Super Smash Bros Ultimate is reportedly the best-selling fighting game of all time and last year Nintendo’s title recorded the highest peak viewership of any title in Evolution Championship Series history.
However, esports consultant Rod Breslau suggested at the time that “Nintendo’s failure to provide prize money and stability for the competitive community is the only thing keeping Smash Ultimate and Melee from being a top tier esport.”
Smash Bros. Ultimate’s prize pool was comparatively low compared to some other titles at Evo, and Nintendo – along with Tekken 7 publisher Namco – was criticised for not supporting the tournament with additional prize funds.
In a new interview with Nikkei (translated by Japanese Nintendo), Nintendo president Furukawa suggested the lack of monetary prize support isn’t a weakness in the company’s esports strategy, which he said prioritises inclusiveness.
“Esports is where players compete on stages while revolving around prize money, and spectators enjoy watching that. It launches one of the amazing appeals of video games,” Furukawa said.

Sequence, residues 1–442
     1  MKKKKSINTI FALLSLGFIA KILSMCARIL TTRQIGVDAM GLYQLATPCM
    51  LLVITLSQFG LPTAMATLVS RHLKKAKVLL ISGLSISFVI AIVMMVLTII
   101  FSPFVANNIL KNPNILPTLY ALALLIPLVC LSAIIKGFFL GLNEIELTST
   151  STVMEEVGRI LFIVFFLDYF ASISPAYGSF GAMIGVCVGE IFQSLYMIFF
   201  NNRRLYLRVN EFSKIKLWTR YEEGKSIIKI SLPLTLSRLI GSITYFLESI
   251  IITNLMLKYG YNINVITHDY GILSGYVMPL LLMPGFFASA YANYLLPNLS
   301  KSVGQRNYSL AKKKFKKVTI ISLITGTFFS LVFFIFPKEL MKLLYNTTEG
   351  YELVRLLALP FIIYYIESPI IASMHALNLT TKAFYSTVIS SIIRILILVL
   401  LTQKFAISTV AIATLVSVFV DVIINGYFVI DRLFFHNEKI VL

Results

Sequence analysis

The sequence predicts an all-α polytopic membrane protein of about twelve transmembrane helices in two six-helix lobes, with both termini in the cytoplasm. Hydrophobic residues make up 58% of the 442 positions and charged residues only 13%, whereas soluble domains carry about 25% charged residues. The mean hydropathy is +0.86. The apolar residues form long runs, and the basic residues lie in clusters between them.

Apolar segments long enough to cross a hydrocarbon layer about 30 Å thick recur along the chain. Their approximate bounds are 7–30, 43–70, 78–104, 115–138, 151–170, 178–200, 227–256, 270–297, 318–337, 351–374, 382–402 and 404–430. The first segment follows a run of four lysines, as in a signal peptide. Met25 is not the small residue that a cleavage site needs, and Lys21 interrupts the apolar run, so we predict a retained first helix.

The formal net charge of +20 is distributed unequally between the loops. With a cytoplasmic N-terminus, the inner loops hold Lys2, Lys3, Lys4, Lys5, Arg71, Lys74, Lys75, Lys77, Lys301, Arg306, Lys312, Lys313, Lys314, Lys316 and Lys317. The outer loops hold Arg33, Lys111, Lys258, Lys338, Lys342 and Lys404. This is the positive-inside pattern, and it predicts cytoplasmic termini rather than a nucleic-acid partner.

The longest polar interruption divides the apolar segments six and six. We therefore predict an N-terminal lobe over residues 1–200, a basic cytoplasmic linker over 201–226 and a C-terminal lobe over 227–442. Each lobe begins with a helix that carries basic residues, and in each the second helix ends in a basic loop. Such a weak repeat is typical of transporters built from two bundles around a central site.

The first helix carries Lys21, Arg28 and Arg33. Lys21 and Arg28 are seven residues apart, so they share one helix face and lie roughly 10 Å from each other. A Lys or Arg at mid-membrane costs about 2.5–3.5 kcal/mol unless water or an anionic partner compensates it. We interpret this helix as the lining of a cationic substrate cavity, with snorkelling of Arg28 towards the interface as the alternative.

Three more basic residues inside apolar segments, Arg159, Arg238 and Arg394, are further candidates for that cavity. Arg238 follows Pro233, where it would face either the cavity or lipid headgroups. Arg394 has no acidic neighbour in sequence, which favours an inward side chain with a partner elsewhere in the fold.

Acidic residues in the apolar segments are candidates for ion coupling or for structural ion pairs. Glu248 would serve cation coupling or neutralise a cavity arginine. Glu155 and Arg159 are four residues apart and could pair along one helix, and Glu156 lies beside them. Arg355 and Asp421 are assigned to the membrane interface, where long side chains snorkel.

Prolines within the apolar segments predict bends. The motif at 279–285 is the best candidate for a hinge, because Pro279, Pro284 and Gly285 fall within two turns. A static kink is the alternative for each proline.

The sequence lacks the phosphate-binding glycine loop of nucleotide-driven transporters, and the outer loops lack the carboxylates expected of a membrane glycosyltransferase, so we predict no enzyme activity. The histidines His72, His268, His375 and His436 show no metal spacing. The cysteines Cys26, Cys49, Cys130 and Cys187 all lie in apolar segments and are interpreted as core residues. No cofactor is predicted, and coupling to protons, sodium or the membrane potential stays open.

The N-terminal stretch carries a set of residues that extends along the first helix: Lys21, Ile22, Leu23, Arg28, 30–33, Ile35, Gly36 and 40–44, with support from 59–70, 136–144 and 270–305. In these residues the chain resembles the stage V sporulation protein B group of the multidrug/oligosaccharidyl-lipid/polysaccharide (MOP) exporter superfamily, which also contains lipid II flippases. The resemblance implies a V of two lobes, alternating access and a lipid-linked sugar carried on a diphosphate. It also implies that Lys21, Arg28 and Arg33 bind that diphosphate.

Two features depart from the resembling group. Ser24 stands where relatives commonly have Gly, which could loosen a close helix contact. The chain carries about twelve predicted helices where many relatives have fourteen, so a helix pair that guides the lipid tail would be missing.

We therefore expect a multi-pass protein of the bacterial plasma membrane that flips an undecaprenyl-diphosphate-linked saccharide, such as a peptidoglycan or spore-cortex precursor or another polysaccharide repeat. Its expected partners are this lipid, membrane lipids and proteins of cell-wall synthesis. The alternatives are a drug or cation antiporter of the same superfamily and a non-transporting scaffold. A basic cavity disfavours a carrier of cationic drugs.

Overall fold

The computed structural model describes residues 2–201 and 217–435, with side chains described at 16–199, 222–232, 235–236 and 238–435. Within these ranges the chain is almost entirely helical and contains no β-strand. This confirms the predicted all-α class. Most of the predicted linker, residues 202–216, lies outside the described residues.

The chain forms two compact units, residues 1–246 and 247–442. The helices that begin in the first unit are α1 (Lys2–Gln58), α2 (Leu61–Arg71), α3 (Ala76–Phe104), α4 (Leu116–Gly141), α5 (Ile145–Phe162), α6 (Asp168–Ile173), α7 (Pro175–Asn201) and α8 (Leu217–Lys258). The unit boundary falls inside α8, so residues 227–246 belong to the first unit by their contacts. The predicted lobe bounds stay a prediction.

“But there is no sense of antagonism. In order to make our company’s games be played by a broad range of people, regardless of experience, gender, or generation, we also want to make our events joinable by a broad range of people.
“Being able to have a different world view from other companies – without a large sum of prize money – is our strength,” Furukawa claimed.
Smash Bros. Ultimate’s Evo winner Perez reportedly took home $21,180 from a prize pool of $35,300, which was significantly less than the $70,000 Street Fighter V prize pool and the $47,000 Samurai Showdown prize pool at the event.
Meanwhile, BlazBlue: Cross Tag Battle’s tournament was part of the Arcrevo World Tour, which has a total $1,000,000 purse.
According to conultant Breslau, the person who finished eighth in the Smash Bros. Ultimate Evo competition didn’t earn enough to cover the cost of his hotel room at the venue.
Super Smash Bros. Ultimate has sold some 16 million units, according to Nintendo, which puts it ahead of Capcom’s official sales figures for the various versions of Street Fighter 2 combined.
Despite its record-breaking sales figures, Ultimate director Masahiro Sakurai recently said he still believes Street Fighter 2 is “the king of fighting games.”
Nintendo announced in September it will develop more DLC fighters beyond the five previously confirmed for release as part of the Smash Bros. Ultimate Fighters Pass.